The Hokey Cokey Of Weight Loss

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The Hokey Cokey Of Weight Loss

04th Apr 2014

In & Out and Then Shake All The Weight Off

Okay, a bit gimmicky I know but I am going to talk about something very valuable when it comes to weight loss. As some of you know, I have lost about 70 pounds top to bottom. I started in September 2005 and at the time I did some very powerful things. The strange thing was that I didn’t realize what I was doing them at the time. One of those of things was the focus of my motivation.

Have you noticed that people tend to focus on the external things like a number on a scale? Or what other people think? Well, while these things do have a place in the weight loss journey I found that focusing on something more internal was the key to my success. I focused on how I was feeling instead. The difficult thing here is that you can’t tell people how to feel as that is bespoke to them. This provides a challenge when it comes to weight loss coaching.

One Very Powerful Weight Loss Tool

One of the classics I heard when I lost weight was “don’t you like the taste of chocolate?” Possibly of the most stupid comments I have heard aside, this is the problem when we try and lose weight. OF COURSE I like the taste of chocolate, as last time I checked, I was, well, HUMAN! Anyway, if you are on a weight loss journey, make sure that alongside the tangible things like weight and measurements, you are paying attention to how you FEEL as well.

Like I said above, feelings are very unique so you can’t really measure them. What you can do however is start to make subtle notes of how the little things feel different. I noticed how good it was to get up early and not be tired. I noticed how good it felt not to sweat when it got hot. I also noticed how good it felt to be “noticed” by the opposite sex. While this was an external trigger, it was how it made me feel that re-enforced the reasons why I was doing what I was doing.

The same thing happened to me this last few weeks to be honest. I have been trying to get down to a certain weight for the London Marathon and I have been succeeding. The weight loss is great but I feel even better. I am noticing more how I feel than what the scales say. This makes the activities I am doing more manageable (not easy)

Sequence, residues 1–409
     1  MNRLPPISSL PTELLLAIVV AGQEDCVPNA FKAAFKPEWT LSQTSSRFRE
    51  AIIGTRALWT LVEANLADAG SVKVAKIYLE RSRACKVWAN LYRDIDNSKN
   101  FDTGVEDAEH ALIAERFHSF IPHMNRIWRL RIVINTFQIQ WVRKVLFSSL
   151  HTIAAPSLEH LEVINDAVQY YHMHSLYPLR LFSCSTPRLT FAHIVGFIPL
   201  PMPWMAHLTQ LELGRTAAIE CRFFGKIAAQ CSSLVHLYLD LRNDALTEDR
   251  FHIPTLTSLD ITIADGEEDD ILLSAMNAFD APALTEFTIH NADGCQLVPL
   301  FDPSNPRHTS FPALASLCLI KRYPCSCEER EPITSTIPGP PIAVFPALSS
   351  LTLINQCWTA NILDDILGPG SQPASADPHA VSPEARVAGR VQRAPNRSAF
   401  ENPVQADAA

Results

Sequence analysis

Going “in” & “out”

So here are some practical steps to help you focus on internal feelings as well as the external things.

  1. Write It Down: OMG, not another fitness professional telling me to write stuff down?? Well there is merit to this. I once heard that you are 67% more likely to retain information if you write it down. I recommend that you write down how you feel when good and bad things happen. This way you are reminded of the good stuff and you have a warning about the bad stuff. .
  2. Anchoring: It surprises people that they are in control of their own state. This means that you can change your mood at any time. A great way to do this is “anchoring” which attaching a feeling to a certain physical response. A good example is hearing a song from years ago. People tend to remember how they felt even if it was 20 years ago. You can use this to your advantage. Try this little experiment, think about a time when you were really motivated. When the feeling gets intense cross your fingers for about 5-10 seconds. Then think about a huge pink elephant. See the elephants skin, ears and trunk. Then cross your fingers again. You should be able to access that feeling again. Powerful? Use this when you get a positive re-enforcement of your progress.

Conclusion

I promise that if you get control of your mind and your internal dialogue you will win this battle. When I did the first of my weight loss talks the other day, I told people that the first step to successful weight loss is understanding what went on in your brain that made you do this to yourself. I don’t mean the diet and exercise, I mean the series of thoughts that made you believe gaining weight was a good idea. First step is to write down on a piece of paper “why did I do this to myself?” and then explore the thoughts and beliefs that made you do it. Then start to replace those thoughts with the positive re-enforcements I mentioned above. I promise you that if you get this right, you win the battle.